Jewish Agricultural Colonies in the Ukraine: Chaim Freedman links to other interesting sites

Ukrainian Language, Culture and Travel with  photos of synagogues and memorials along with articles about Jewish culture 

BOOKS ABOUT UKRAINE:

  • Yizkor Books:
  1. Chelm, M. Bakalczuk-Felin, 1954, in Yiddish.
  2. Dnepropetrovsk-Yekaterinoslav, Harkavy and Goldburt, 1973, in Hebrew.
  3. Pinkas Hakehillot Poland, Volumes I-VII.
  • Frank, Ben G. A Travel Guide to Jewish Russia & Ukraine. Paperback (October 1999) Pelican Pub Co; ISBN: 1565543556
  • Gitelman, Zvi. Chapter The Jews of Ukraine and Moldova" published in Miriam Weiner's Jewish Roots in Ukraine
    and Moldova
    (see below) online.
  • Goberman, D. Jewish Tombstones in Ukraine and Moldova. Image Press, 1993. ISBN 5-86044-019-7) shows many interesting styles.
  • Greenberg, M. Graves of Tsadikim Justs in Russia. Jerusalem, 1989. 97 pages, illustrated, Hebrew and English. S2 89A4924. Notes: Rabbis tombstone restoration, no index, arranged by non-alphabetical town names.
  • Gruber, Ruth Ellen. Jewish Heritage Travel: A Guide to Eastern Europe, Washington: National Geographic, 2007
  • Ostrovskaya, Rita (Photographer), Southard, John S. and Eskildsen, Ute (Editor). Jews in the Ukraine: 1989-1994: Shtetls. Distributed Art Publishers; ISBN: 3893228527
  • Weiner, Miriam. Jewish Roots in Ukraine and Moldova: Pages from the Past and Archival Inventories (The Jewish Genealogy Series). Routes to Roots Foundation/YIVO InstituteYIVO Institute; ISBN: 0965650812. see Routes to Roots Foundation, Inc.
  • BELGIUM: Contact Daniel Dratwa This e-mail address is being protected from spambots. You need JavaScript enabled to view it for books among the collection at the Jewish Museum of Belgium.
  • ISRAEL: Tragger, Mathilde. Printed Books on Jewish cemeteries in the Jewish National and University Library in Jerusalem: an annotated bibliography. Jerusalem: The Israel Genealogical Society, 1997.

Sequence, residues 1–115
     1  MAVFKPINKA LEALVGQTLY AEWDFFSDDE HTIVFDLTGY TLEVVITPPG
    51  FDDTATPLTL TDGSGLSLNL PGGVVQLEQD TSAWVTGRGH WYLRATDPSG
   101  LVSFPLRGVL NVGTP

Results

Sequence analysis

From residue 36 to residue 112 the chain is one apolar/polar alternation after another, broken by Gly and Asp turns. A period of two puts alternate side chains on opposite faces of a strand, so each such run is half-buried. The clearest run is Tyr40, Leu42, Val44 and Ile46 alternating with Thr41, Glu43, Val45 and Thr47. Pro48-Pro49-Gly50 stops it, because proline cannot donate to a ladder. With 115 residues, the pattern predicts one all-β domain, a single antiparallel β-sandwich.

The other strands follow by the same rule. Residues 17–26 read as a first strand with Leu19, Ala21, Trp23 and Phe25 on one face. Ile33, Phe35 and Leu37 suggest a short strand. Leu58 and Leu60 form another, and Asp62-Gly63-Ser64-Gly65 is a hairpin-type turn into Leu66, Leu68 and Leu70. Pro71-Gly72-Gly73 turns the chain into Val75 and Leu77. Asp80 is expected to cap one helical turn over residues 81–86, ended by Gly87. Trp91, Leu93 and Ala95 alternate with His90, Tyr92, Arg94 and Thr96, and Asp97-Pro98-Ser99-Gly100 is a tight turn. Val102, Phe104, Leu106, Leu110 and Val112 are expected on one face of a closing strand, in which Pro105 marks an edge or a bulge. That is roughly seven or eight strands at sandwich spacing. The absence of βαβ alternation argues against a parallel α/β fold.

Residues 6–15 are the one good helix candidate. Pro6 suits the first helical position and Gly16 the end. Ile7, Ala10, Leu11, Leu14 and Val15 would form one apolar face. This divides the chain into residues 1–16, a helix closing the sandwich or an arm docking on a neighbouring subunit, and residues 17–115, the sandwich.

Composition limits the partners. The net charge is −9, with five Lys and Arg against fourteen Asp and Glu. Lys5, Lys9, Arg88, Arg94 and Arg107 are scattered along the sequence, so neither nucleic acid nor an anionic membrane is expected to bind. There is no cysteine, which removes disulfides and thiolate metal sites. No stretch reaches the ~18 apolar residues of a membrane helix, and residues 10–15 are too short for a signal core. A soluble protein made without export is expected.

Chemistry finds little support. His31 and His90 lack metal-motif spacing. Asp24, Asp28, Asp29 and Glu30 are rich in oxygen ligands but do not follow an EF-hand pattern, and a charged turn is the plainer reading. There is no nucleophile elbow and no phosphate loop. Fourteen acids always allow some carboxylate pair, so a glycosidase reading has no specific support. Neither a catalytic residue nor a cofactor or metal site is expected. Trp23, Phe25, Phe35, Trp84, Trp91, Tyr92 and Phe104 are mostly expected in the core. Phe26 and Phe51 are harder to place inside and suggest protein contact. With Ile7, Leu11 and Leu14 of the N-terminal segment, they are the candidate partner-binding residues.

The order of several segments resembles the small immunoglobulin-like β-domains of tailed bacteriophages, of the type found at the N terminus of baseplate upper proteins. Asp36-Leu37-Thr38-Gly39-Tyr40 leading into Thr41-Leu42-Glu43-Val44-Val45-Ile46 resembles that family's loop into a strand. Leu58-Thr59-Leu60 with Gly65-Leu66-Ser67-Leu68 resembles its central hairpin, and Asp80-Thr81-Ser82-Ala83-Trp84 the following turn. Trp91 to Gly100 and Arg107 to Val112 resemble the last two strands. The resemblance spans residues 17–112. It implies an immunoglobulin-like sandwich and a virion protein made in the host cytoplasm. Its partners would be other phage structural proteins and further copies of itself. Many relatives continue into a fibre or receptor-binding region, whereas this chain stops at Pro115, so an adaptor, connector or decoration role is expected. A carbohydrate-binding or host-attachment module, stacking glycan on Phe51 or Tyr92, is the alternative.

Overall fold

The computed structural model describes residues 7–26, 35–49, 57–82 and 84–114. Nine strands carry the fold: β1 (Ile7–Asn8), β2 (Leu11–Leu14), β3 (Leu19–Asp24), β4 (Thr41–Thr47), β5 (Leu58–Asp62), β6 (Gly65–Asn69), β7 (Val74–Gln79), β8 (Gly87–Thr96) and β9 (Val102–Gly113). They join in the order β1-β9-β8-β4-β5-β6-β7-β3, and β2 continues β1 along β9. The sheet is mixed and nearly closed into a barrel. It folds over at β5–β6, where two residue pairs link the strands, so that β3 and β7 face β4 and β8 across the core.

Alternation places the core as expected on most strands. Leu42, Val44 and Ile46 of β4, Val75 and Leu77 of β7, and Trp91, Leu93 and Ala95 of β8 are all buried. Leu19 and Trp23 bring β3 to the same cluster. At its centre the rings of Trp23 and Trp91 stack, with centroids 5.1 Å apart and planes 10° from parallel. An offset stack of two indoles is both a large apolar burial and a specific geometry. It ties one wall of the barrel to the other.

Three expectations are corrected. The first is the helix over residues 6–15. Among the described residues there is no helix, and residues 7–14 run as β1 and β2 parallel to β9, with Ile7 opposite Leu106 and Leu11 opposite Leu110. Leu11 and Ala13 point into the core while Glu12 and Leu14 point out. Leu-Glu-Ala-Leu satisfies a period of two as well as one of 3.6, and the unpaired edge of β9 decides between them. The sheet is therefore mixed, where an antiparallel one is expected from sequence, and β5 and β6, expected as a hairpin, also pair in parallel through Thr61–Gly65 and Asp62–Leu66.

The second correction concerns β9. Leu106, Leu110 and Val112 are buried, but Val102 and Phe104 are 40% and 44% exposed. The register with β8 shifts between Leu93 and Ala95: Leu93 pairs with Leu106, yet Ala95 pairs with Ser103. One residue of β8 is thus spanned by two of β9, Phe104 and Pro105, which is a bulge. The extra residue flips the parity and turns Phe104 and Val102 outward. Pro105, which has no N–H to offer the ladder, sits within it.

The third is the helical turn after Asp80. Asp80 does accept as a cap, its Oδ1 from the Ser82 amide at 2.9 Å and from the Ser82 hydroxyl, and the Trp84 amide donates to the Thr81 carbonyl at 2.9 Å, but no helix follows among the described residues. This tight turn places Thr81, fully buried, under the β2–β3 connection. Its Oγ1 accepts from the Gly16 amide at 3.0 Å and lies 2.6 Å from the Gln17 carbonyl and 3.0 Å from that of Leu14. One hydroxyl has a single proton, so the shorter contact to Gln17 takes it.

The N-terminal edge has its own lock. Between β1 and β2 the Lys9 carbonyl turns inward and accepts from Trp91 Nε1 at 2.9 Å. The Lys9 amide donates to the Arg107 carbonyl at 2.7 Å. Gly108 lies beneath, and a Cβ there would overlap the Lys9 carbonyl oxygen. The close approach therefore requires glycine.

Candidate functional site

• David Chapin, Plano, Texas This e-mail address is being protected from spambots. You need JavaScript enabled to view it can answer questions about general structure of tombstones in this country.

BOOKS ABOUT CRIMEA:

  • Chwolson, D. Corpus inscriptionum hebraicarum (All the Hebrew Inscriptions). Hildesheim, 1974 (1st print: St. Petersburg, 1882). 527 pages, Latin title and German text. SB74B2774. Notes: 194 tombstones, 9th-15th centuries, based on Firkowiz's book scripture analysis.
  • Chwolson, D. Achtzehn hebraische Grabschiften aus der Krim (Eighteen Hebrew grave inscriptions in Crimea).. St. Petersburg, 1985 in "Memories de L'Academie Imperial de St. Petersburg", 7Šme, series, volume IX, no. 7, III XVIII, 528 pages, illustrated. [translation] of the author's Russian book s29V5256]. German text and Hebrew inscriptions. PV255, series 7, book 9, no.7. Notes: 18 tombstones, 6-960, scripture analysis based on Firkowiz's book.
  • Firkowiz, A. Y. Avnei zikaron behatsi ha'i krim, besela hayehudim bemangup, besulkat ubekapa (Jewish memorial stones in Crimea and in [the Caucasian towns of Mangup, Sulkat and Kapa [Theodesia). Vilnius, 1872. 256 pages, illustrated, Hebrew. 29V4818. Notes: 564 tombstones, 3-1842.
  • Harkavy, A.L. Alte juedusche Denmaeler aus der krim (The old Jewish monuments in Crimea),. St. Petersburg, 1876, X, 288 pages. German and Hebrew inscriptions. PV255, VII, 24/1. Notes: 261 inscriptions, 604-916?, scripture analysis based on Firkowiz's book.
  • Click the words "Burial Location" below to sort the page names alphabetically.

    The names will be sorted from Z to A.  Click a second time to see them listed from A to Z.   Our apologies for the unsorted condition of this list.  We hope to have the list appear in A to Z sort very soon.

    --IAJGS Jewish Cemetery Project Technical Staff.

Title Filter     Display # 
# Burial Location
901 SHPIKOV
902 SHOMSK: (Hungarian) see Shumsk
903 SHNYATIN , SNETIN: (Yiddish) see Snyatyn